## Energy, Work & Power

**Housekeeping:**We are now studying work, power and energy in physics. We will relate this content to the human body before we do the sports science unit. This unit's going to have some math in it, so keep calculators handy.

The science fair is coming. You need to start thinking about potential topics. I don't suggest doing plant projects because you will need at least 50 plants and six weeks to experiment with them. The best suggestion is to find past projects and revise them by changing the independent variable.

**Essential Idea:**Recognize how work and power describe how energy moves through the environment.

**Content Review:**

Links: Work, Energy & Power Work, Energy & Power II Simple Machines

**Student Missions:****Mission 1: ENERGY! Where the Power Lies!**

**Mission Objectives. You should be able to:**

1. Define "energy," "work," and "power."

2. Explain how energy, work and power are related.

3. Calculate work done.

4. Correctly calculate power used.

5. Design a lab to measure work, power and energy.

Energy as defined in physics is the ability to do work. Work is defined as the movement of a force over a certain distance. The energy of an object can take many forms: thermal energy (heat), chemical energy (chemical bonds), potential energy and kinetic energy. Potential energy is stored energy, or energy of position. Kinetic energy is energy of motion. Objects are either at rest or in motion, so, generally speaking, PE can equal KE.

The equation for potential energy is

**m * g * h**. m is mass (kg), h is height (m), and g is gravity (9.8 m/s2).

The equation for kinetic energy is

**1/2 m * v2**. m is mass (kg) and v is velocity (m/s).

Usually, we look at a combination of PE & KE, which, when combined, is mechanical energy (ME).

Now let's talk about work. As stated above, work is defined as movement of an external force (F) over a particular distance (d). Work describes something that is being done to an object. The equation for work is Force (capital letter F) times distance. So Work = F*d. Force is measured in newtons (N) and distance is measured in meters (m). The unit Newton-meter (N*m) is better known as the joule (J).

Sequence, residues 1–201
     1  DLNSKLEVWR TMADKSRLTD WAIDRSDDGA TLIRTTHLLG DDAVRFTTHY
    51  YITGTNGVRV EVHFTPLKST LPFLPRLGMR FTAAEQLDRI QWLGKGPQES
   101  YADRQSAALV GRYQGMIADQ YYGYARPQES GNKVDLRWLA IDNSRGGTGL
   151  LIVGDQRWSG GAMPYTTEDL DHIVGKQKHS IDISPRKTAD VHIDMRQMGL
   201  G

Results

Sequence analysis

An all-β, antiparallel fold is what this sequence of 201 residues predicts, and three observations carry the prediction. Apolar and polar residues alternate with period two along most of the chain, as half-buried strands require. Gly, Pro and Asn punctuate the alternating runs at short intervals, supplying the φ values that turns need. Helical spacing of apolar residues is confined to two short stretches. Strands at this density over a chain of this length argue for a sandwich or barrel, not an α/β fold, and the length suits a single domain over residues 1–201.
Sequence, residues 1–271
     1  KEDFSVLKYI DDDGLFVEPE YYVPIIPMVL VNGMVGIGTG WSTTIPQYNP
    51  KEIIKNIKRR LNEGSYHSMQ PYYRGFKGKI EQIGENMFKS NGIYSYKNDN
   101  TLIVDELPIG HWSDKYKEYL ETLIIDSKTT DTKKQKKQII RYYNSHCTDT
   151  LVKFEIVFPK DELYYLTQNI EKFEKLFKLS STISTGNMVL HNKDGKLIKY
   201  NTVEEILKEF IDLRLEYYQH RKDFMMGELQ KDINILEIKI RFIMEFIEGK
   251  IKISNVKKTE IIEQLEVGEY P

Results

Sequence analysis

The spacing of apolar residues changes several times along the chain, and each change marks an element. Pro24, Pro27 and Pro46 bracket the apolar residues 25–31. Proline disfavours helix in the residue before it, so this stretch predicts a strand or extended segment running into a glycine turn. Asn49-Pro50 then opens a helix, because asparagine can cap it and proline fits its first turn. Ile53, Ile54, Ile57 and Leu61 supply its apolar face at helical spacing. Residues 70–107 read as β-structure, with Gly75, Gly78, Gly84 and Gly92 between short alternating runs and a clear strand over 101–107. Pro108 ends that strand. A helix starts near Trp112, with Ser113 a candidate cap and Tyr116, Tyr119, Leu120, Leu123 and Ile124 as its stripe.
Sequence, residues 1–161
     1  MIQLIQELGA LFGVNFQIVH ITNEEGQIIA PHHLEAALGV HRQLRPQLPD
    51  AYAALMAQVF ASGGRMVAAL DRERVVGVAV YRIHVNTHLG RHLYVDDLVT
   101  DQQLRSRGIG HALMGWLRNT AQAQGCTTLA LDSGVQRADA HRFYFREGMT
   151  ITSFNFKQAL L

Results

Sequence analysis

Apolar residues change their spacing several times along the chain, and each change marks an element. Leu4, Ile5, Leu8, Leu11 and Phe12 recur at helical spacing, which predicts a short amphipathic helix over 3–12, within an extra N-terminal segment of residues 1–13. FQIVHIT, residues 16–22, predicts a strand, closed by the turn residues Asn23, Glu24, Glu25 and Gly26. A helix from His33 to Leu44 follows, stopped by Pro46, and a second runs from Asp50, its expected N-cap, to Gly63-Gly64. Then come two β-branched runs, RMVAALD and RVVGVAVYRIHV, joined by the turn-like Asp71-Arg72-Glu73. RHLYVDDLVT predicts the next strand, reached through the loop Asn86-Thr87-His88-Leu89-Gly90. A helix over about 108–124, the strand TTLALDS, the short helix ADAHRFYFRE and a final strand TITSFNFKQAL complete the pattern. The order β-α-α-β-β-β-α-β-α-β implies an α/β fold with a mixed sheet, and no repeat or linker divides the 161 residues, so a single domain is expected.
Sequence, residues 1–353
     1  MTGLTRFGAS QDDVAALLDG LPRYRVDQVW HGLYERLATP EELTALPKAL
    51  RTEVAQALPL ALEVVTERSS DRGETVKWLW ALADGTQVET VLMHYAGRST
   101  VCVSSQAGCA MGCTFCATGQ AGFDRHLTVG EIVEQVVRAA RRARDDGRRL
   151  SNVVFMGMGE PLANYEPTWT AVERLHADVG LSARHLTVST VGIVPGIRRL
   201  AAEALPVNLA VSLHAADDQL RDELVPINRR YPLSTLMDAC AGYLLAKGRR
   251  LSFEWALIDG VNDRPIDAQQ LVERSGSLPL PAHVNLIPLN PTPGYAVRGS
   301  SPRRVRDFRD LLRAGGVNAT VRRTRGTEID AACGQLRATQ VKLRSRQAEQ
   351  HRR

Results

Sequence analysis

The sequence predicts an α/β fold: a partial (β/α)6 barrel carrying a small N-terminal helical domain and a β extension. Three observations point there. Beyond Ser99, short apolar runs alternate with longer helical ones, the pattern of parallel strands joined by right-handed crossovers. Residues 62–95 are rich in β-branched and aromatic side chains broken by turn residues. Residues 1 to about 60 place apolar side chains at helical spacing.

Power is defined as work over time. The unit for power is the watt.

Power is defined as work over time. The unit for power is the watt.

Here are a bunch of practice problems.

**Mission 2: Machine's Way.**

**Mission Objectives. You should be able to:**

1. List and describe six simple machines.

2. Explain and determine mechanical advantage.

3. Analyze compound machines and describe them in terms of simple machines.

4. Calculate efficiency for simple and compound machines.

This is a lovely PowerPoint that takes you through all six simple machines, including mechanical advantage. If this does not satisfy your hankering for machine knowledge, you can also go here or here to learn more.

We will work on simple machines in class with this Mission.

**Mission 3: Let's Build!**

Mission Objective. You should be able to...

Mission Objective. You should be able to...

1. Construct a compound machine that works.

Your project for this unit is to construct a compound machine. The machine must have a purpose and actually work. You will work in six groups of three members each. You will be given some class time to construct the machines and you can use materials in the MakerSpace as well as whatever you can get on your own.

Go here to find examples of each type of machine. This project is due ________________.

simple_machines_rubric.xlsx | |

File Size: | 9 kb |

File Type: | xlsx |